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What Natural Allergy Remedies Work? continued...

“I think quercetin is pretty effective and well tolerated,” says Leopold. “It seems to work well for prevention.” However, while lab tests of quercetin are intriguing, we don’t yet have good research for how well it works as a treatment in people. Some experts doubt that enough quercetin is absorbed during digestion to have much of an effect. 

  • Stinging Nettle. Often used as an allergy treatment, this botanical contains carotene, vitamin K, and quercetin. There’s some evidence that using stinging nettle after the first sign of allergic symptoms can help a bit. Be sure to choose extracts of stinging nettle (Urtica dioica) leaf, not the root, which is used to treat prostate troubles. Despite its common use, however, there’s not much research backing up stinging nettle’s effectiveness as an allergy remedy.
  • Bromelain. Some studies have found that bromelain is helpful in reducing nasal swelling and thinning mucus, making it easier for people to breathe. It may be particularly useful when added to drug treatment for sinus infections.
  • Phleum pratense. A few studies have found that a sublingual tablet made from pollen extracts from Phleum Phleum pratense can reduce some pollen allergy symptoms, such as eye irritation, in people with asthma, as well as help decrease symptoms in people suffering from hay fever. It also allowed people to reduce the dose of their allergy medicine.
  • Tinospora cordifolia. Based on one research study, there’s some indication that Tinospora cordifolia, an herbal tablet from India, can reduce allergy symptoms such as sneezing, itching, and nasal discharge. Again, the evidence is only preliminary and its long-term safety is unclear. Though it appeared safe during the 8-week research study, more research needs to be done.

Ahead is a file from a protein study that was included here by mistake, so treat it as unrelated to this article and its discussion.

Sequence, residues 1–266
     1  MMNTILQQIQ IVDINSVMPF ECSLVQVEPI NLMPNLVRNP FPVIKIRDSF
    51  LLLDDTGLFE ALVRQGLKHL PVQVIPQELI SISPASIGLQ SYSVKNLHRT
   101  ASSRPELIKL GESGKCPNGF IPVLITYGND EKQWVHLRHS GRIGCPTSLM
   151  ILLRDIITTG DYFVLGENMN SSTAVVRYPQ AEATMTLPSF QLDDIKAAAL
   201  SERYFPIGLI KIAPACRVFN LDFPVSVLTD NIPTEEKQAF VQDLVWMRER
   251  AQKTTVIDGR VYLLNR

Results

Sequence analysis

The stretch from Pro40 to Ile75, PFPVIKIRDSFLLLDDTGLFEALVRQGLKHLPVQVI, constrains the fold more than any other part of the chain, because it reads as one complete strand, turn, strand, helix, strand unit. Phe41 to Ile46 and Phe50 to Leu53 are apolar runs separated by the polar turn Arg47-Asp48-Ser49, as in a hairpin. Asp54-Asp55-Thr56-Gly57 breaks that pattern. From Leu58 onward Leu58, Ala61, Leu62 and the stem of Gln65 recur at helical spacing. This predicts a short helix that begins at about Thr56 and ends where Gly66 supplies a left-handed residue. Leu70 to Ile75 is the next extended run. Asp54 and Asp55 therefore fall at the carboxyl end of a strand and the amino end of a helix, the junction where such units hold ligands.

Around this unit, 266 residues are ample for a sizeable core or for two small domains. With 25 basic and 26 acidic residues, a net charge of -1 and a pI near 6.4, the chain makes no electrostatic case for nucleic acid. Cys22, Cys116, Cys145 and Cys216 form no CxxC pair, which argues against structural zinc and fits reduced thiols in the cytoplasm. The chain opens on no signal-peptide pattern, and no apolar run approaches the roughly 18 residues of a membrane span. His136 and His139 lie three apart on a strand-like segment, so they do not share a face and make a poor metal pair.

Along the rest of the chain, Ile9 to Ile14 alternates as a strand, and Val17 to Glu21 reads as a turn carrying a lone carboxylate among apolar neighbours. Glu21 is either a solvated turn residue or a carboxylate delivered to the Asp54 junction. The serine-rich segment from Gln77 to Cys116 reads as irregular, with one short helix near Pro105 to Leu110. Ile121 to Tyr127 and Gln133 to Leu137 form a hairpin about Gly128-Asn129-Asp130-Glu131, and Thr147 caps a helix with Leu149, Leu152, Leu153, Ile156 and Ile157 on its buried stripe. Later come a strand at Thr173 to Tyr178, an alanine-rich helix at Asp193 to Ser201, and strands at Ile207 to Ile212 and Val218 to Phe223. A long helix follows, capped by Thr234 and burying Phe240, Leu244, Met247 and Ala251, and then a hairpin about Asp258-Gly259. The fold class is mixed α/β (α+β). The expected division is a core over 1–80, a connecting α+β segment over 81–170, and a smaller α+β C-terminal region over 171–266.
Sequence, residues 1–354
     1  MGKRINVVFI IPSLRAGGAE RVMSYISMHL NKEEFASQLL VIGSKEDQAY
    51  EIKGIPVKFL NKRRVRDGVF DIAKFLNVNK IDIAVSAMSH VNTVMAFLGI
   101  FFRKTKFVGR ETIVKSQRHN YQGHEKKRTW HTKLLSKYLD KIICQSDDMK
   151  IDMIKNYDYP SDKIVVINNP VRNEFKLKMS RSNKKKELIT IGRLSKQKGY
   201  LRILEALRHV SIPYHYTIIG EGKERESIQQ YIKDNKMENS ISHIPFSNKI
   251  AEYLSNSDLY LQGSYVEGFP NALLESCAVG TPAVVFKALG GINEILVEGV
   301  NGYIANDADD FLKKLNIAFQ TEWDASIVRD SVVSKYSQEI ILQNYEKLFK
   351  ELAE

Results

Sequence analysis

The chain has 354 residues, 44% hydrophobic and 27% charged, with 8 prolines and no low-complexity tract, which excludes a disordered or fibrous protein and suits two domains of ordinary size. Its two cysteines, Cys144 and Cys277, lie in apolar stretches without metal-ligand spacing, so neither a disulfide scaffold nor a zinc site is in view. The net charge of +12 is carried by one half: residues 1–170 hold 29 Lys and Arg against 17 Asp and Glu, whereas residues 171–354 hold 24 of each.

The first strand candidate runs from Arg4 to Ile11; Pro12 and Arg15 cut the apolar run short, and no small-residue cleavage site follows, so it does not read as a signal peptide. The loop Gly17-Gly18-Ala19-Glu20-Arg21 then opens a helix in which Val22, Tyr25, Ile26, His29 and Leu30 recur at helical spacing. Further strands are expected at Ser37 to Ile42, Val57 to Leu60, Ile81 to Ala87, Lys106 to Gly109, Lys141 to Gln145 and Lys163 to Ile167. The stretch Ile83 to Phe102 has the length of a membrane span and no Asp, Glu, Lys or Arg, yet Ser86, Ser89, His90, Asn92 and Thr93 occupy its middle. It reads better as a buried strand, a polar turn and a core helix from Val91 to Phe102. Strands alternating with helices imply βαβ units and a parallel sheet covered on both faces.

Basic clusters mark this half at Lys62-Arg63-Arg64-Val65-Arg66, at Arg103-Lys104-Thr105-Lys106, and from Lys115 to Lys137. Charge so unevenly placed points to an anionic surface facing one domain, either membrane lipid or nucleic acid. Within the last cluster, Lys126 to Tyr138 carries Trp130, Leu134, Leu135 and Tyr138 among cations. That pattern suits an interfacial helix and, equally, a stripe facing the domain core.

• Combination allergy supplements. A number of natural allergy remedies contain a blend of botanicals. Leopold singles out Sinupret, a combination of European elderflower, sorrel, cowslip, verbena, and gentian root. “It’s seems to be effective and well tolerated,” he tells WebMD, “especially for conditions like chronic sinusitis, which can result from allergies.” It’s been long used in Europe, and there’s some evidence that it helps treat the symptoms of bronchitis and acute sinusitis.
  • Other allergy supplements. People use many other supplements to treat allergies, including echinacea, grape seed extract, pycnogenol (pine bark extract), vitamin C, EPA, honey, cat’s claw, albizzia (Albizzia lebbeck), baical skullcup (Scutellaria baicalensis),goldenseal, and spirulina. However, research hasn’t found good evidence that they help. “These supplements might have other benefits,” says Rakel. “But if you’re trying to treat allergies, go with something else.”

Be particularly wary of bitter orange (also called Citrus aurantium), which is sometimes sold as a decongestant. It has compounds similar to those in ephedra and, as a result, may have serious side effects. They include an increased risk of high blood pressure, heart problems, and stroke. 

What about supplements for other types of allergies, such as skin reactions or food allergies? Unfortunately, researchers haven’t found much evidence for supplements that can help. Rakel says that while there’s some interesting preliminary evidence about the effects of probiotics on food allergies, more research is needed.

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